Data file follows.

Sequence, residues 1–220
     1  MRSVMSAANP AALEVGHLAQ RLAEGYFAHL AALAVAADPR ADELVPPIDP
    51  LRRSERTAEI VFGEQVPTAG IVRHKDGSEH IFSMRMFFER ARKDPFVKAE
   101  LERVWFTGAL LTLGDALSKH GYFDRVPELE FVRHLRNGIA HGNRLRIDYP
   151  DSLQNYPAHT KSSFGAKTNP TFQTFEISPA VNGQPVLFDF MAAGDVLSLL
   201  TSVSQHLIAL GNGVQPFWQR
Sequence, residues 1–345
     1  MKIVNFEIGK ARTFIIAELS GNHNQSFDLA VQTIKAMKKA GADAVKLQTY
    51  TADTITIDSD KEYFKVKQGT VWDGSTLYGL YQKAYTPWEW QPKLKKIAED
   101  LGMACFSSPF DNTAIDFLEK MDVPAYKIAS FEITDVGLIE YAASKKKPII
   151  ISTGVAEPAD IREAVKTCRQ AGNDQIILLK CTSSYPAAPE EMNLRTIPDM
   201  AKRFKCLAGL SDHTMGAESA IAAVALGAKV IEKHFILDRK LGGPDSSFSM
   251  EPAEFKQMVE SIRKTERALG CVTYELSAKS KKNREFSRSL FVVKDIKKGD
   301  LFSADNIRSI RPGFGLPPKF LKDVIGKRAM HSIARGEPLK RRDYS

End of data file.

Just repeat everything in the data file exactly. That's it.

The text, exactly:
Sequence, residues 1–220
     1  MRSVMSAANP AALEVGHLAQ RLAEGYFAHL AALAVAADPR ADELVPPIDP
    51  LRRSERTAEI VFGEQVPTAG IVRHKDGSEH IFSMRMFFER ARKDPFVKAE
   101  LERVWFTGAL LTLGDALSKH GYFDRVPELE FVRHLRNGIA HGNRLRIDYP
   151  DSLQNYPAHT KSSFGAKTNP TFQTFEISPA VNGQPVLFDF MAAGDVLSLL
   201  TSVSQHLIAL GNGVQPFWQR
Sequence, residues 1–345
     1  MKIVNFEIGK ARTFIIAELS GNHNQSFDLA VQTIKAMKKA GADAVKLQTY
    51  TADTITIDSD KEYFKVKQGT VWDGSTLYGL YQKAYTPWEW QPKLKKIAED
   101  LGMACFSSPF DNTAIDFLEK MDVPAYKIAS FEITDVGLIE YAASKKKPII
   151  ISTGVAEPAD IREAVKTCRQ AGNDQIILLK CTSSYPAAPE EMNLRTIPDM
   201  AKRFKCLAGL SDHTMGAESA IAAVALGAKV IEKHFILDRK LGGPDSSFSM
   251  EPAEFKQMVE SIRKTERALG CVTYELSAKS KKNREFSRSL FVVKDIKKGD
   301  LFSADNIRSI RPGFGLPPKF LKDVIGKRAM HSIARGEPLK RRDYS